Whether towering giants or of the diminutive varieties, sunflowers are like living sunshine. Beautiful, bold and with a light that seems to shine from within, they do more than just grace our gardens and bring us joy (not to diminish the value of that!).
Sunflowers provide food for bees, various types of flying insects, and hummingbirds before they even set seed. After seeds form, pretty much anyone and anything will eat them! I’ve seen raccoons, rabbits, deer, birds (of course) and every type of small rodent munch on ours. My favorite thing to do with a bouquet of sunflowers after they’ve wilted is to put them onto the top of the fence in front of our bay windows. Squirrels from nearby will sit down and pull the seeds out, chomping them to bits right in front of us as we watch. What’s really funny is when they eat their food while we’re sitting down to our own meals inside the house. Then it becomes a question of who’s watching whom!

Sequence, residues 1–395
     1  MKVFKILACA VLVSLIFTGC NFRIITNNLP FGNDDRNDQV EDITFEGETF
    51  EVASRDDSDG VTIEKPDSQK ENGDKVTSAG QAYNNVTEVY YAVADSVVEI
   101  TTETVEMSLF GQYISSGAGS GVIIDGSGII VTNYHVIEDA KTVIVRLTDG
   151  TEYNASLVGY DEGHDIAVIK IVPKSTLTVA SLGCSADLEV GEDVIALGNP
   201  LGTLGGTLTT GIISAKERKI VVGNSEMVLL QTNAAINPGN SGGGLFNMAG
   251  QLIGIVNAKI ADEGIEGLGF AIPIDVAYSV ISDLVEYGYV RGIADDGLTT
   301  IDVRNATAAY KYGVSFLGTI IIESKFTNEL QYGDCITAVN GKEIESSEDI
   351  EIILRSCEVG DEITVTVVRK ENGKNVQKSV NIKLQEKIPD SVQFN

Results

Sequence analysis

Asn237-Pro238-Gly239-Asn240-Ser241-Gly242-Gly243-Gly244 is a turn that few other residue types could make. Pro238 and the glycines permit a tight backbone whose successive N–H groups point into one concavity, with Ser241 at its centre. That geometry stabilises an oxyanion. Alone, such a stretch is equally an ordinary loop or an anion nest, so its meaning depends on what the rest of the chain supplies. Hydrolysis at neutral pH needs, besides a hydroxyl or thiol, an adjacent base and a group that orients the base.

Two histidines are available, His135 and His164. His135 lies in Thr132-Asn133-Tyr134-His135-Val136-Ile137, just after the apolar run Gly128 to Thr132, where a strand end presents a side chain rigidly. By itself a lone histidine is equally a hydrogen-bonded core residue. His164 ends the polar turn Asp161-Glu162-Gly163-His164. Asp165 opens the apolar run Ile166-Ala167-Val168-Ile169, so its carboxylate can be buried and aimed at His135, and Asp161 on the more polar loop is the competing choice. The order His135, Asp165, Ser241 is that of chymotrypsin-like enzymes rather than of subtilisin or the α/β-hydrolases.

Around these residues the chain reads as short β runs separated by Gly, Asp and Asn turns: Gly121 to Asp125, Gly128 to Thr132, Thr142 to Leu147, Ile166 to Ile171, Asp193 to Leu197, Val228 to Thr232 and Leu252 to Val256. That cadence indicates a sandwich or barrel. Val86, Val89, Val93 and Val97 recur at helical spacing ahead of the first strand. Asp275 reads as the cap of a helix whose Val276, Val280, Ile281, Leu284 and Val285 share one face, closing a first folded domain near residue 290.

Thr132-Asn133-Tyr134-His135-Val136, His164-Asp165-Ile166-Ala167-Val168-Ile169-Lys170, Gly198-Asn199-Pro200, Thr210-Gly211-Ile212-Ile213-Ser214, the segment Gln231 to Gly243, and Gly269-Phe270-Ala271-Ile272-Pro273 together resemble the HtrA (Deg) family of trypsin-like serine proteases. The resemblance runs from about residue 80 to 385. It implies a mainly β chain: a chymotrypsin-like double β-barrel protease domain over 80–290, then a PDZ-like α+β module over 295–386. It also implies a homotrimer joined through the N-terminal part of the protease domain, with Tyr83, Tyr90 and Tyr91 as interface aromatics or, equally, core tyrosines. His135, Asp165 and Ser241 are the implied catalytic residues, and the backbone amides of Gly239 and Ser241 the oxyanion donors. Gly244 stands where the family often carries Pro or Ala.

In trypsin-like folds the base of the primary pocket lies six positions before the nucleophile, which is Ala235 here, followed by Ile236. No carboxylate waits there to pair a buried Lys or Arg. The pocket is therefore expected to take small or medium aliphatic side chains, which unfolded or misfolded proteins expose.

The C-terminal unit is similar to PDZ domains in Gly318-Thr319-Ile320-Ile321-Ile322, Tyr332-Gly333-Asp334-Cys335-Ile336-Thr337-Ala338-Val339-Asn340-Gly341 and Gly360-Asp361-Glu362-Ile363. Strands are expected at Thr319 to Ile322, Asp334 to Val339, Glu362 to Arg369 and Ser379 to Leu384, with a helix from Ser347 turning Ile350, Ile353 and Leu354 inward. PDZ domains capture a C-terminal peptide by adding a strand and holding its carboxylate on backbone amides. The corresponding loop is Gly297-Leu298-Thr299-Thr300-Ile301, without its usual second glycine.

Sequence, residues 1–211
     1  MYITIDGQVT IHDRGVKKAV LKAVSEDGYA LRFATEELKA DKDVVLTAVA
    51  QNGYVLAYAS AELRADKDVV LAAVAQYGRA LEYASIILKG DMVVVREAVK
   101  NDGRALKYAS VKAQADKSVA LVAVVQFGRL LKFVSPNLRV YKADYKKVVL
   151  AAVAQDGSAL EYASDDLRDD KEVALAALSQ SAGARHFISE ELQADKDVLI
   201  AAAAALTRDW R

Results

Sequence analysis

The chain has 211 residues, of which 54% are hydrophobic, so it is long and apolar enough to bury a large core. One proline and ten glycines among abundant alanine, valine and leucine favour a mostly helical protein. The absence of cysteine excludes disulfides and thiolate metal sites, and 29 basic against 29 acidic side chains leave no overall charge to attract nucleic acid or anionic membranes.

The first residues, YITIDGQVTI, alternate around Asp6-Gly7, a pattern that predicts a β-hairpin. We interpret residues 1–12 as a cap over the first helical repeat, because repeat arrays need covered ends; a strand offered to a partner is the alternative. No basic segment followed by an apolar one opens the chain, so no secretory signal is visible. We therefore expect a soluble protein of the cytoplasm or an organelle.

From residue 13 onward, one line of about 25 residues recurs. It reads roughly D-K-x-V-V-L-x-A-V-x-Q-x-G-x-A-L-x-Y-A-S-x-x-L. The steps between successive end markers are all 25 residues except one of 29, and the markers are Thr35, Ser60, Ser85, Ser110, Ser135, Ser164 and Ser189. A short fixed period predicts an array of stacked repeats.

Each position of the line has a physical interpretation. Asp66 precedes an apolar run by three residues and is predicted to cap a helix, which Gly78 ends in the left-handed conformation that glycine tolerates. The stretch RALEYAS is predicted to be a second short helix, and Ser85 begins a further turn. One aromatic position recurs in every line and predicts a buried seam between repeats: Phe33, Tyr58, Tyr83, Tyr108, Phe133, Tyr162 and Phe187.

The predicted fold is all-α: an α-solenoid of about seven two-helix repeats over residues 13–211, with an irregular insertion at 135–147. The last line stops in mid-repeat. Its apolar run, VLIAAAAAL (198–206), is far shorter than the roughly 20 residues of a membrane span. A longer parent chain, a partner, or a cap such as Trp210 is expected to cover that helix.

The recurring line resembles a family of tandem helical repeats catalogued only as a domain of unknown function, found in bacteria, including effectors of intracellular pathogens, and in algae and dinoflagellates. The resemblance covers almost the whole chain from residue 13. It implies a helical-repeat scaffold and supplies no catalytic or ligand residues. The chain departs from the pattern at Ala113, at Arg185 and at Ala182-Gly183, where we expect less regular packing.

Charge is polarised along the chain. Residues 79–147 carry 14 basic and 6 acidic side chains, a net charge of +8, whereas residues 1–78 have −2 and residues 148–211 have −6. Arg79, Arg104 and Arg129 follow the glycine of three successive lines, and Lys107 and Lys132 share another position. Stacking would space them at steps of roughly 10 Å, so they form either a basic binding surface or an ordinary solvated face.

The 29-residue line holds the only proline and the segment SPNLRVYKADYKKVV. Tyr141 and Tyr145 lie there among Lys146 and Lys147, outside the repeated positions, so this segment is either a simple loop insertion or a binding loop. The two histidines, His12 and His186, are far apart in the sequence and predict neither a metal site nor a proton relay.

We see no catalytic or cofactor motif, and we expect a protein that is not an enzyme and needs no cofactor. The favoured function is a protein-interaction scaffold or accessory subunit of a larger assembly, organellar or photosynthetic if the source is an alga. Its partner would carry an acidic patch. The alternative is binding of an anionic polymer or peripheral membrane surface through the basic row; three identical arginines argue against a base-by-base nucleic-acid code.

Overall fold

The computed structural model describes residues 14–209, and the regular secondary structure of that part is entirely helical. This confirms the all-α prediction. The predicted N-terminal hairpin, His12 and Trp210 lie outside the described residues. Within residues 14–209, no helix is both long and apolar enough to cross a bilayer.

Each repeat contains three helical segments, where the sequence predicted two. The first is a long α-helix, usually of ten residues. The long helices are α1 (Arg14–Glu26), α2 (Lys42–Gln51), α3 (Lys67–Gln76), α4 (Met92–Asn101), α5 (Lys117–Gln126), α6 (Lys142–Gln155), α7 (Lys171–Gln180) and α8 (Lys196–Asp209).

Beyond food for lots of different animals, sunflowers do so much more. They provide oil which is now being used in the skincare industry as a vitamin-rich skin conditioning ingredient. The food industry is expanding their use of sunflower oil as well since it requires less processing (making it cheaper to use) and is a higher quality frying oil.
Sunflowers, along with some other types of plants, were also used at Chernobyl to help clean up radioactive waste after the reactor disaster in 1986, in a process called phytoremediation. Because they were so successful in the experiment at Chernobyl, the process was repeated at the Fukushima meltdown site. Turns out these little workhorses are incredibly efficient at drawing out the elements cesium and strontium from the soil (the radioactive bits).
Thankfully we don’t have to worry about radioactive soil here and just grow sunflowers to enjoy their beauty and watch birds that flock to them. But isn’t cool to know that they’re so multi-talented!